Where were these enthusiastic reporters when 700 hutments were demolished two days ago? I could not even find a report to post here. The only evidence I saw was a picture of the devastated site with a child carrying a fan from the debris. Unfortunately, I cannot locate that picture on the website; it was there in the print version.
Do you know that the CNN-IBN reporter will be considered a great heroine by the staff, by her peers, by all those salivating masses? She risked her life and limb, did she not?
Today’s national newspaper Times of India carried several stories and even a special report. I refuse to put up pictures of what they managed to ‘capture’, although this banner headline in sick pink with its wedding card-like design should give you an idea. I am not sure if there is a deal with Hello! magazine or a foreign channel for exclusive coverage. It is unfair to conjecture.
Whether it is so or not, the Indian media are behaving like beggars. Yes, beggars.
And even those who have shown some propriety are doing so for two reasons. One, they just don’t have the resources. Trust me, I know. Two, they want to pander to the family. Especially film journalists who have otherwise trampled on everyone’s toes to get a scoop have the audacity to talk about “leaving them alone”. This too is simple. They want to be the loyalists, the ones who kept their word. They shall be later rewarded.
I have said this in an earlier blog. This privacy thing is a smart strategy. Either way you win. What was Amar Singh doing on TV telling the world in an exclusive interview about how the valet and chef were given invitation cards because they “mattered”? Why is this information not private? Or is it to tell the world that the Bachchans are so attached to their staff? Bloody hell, the personal valet will be tying the shoe laces and keeping the clothes ready and cooks will be helping in the kitchen. So whether you invite them or not you need them. If all the guests were sent notes asking them not to speak, then who is giving out information about the songs that were sung, the clothes worn, the dances?
Here is one more thing that made my stomach turn. “An emotional Aishwarya Rai burst into tears at the sangeet ceremony on Wednesday evening at Prateeksha, Amitabh Bachchan’s Juhu bungalow. According to industry sources, Abhiash performed to every song played that evening, but Ash couldn’t contain her emotions after she touched Abhishek’s feet in one of the songs.”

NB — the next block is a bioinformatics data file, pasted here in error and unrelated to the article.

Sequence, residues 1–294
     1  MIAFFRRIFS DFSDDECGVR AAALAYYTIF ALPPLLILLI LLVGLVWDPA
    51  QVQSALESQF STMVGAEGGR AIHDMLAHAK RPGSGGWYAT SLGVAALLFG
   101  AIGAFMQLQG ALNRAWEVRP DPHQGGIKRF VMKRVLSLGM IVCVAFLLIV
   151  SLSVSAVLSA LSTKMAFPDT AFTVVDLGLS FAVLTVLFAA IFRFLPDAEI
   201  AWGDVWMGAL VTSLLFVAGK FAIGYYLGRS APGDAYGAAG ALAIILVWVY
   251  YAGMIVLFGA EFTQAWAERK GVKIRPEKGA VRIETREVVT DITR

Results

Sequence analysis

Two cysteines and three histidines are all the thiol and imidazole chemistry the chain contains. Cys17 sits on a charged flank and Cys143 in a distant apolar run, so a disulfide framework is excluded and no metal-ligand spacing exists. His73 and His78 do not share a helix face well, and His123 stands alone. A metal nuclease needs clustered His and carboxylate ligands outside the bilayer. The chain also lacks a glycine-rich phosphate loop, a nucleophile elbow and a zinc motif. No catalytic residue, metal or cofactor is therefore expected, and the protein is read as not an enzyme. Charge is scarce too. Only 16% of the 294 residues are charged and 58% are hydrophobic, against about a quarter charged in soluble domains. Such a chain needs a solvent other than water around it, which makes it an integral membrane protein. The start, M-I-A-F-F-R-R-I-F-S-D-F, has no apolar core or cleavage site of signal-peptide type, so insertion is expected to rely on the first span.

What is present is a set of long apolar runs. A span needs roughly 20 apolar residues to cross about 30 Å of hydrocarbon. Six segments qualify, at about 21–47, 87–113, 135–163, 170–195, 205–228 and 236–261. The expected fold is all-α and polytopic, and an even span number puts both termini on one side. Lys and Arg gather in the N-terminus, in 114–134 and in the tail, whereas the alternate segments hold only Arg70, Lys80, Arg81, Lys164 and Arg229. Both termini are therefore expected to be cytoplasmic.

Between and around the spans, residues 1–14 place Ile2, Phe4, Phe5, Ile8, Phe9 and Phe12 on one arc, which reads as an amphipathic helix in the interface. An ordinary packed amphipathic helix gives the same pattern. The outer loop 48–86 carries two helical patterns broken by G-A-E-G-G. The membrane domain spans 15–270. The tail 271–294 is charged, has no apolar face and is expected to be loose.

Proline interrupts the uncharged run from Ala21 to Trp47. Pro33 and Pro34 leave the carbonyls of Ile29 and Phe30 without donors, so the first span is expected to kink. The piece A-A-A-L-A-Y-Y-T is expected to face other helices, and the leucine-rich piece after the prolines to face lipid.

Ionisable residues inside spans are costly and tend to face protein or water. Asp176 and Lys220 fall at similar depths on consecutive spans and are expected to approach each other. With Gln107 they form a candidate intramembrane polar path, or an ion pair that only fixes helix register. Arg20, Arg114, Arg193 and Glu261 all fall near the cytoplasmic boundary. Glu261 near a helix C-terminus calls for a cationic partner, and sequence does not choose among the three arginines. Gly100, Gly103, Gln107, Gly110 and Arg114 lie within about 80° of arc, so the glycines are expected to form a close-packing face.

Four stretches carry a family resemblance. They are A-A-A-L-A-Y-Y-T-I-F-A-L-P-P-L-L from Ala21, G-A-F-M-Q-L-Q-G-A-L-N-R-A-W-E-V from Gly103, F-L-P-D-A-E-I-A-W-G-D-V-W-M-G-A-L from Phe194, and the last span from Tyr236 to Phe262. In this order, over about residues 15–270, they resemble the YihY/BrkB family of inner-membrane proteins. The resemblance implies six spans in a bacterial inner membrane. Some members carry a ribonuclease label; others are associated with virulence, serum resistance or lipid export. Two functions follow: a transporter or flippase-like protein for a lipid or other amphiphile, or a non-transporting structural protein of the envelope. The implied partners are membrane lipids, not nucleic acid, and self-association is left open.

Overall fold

If this is true, then it is beyond disgusting. It is a custom among Hindus to touch the feet of elders; perhaps in the old days women did bow before their husbands. But today? Bollywood films and TV serials continue to perpetuate this, but why should it be replicated in real life? And anyway Aishwariya is slightly older, so if anyone should be touching feet it ought to be Abhishek.
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I have commented on the Indian media coverage of the Virginia Tech killngs. A question that struck me: would we have given it this much attention if two Indians had died had the university been in
It is indeed true what the comments below say about Indians aping the West. The more tie-ups we have with foreign channels and newspapers, the more slavish we will become. We have had good ‘women’s magazines’. Yet, people want regional versions of Elle and Cosmo; now Hello! has come in, when every newspaper carries a few pages of gossip, glitter and gas. (That is the way they treat most news as well.)
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I started watching American Idol only to see what on earth this Sanjaya Malakar noise was all about. And you know what? If I had not read reams written about it or seen glimpses in the Indian media, I would have seen him and the show as a tepid display of complete lack of talent. Nobody is that great among the lot. I had read that Simon Cowell was hard to please. Uh-huh, he looked like he was trying so hard to have an opinion to begin with. Totally idiotic.
True, am not a fan of contemporary western music, except perhaps the blues and some neat rap (oh yeah, so what?!), but if you know a bit of music, then you can tell these guys are goners.
Why the hell do they scream so much? Are they just “blowin’ in the wind”?
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Not all is lost. In the case of the ‘rash driving’ by Alistair Pereira in Mumbai I wrote about, who got away with a mere six-month sentence for killing seven people, there is some hope.
Here is a report from the TOI, “There can’t be a greater slur on the system. The way the prosecution dealt with the case was pathetic.’’ Bombay high court Chief Justice Swatanter Kumar’s observations on Thursday delivered the most telling blow yet to the Mumbai police for its “mishandling’’ of the Alistair Pareira hit-and-run case. Invoking a rarely used provision of the Code of Criminal Procedure (CrPC) that gives the high court extraordinary powers to examine the legality of proceedings in any subordinate court, a division bench comprising the Chief Justice and Justice S C Dharmadhikari called for records from ad hoc sessions judge A Mishra who had delivered the judgment acquitting Pareira of culpable homicide.
The judges indicated that they would look into four aspects of the trial— the legality of the judgment, whether there was miscarriage of justice, the conduct of the police and the prosecution and the compensation awarded to the victims and their survivors.
These surviving family members deserve justice.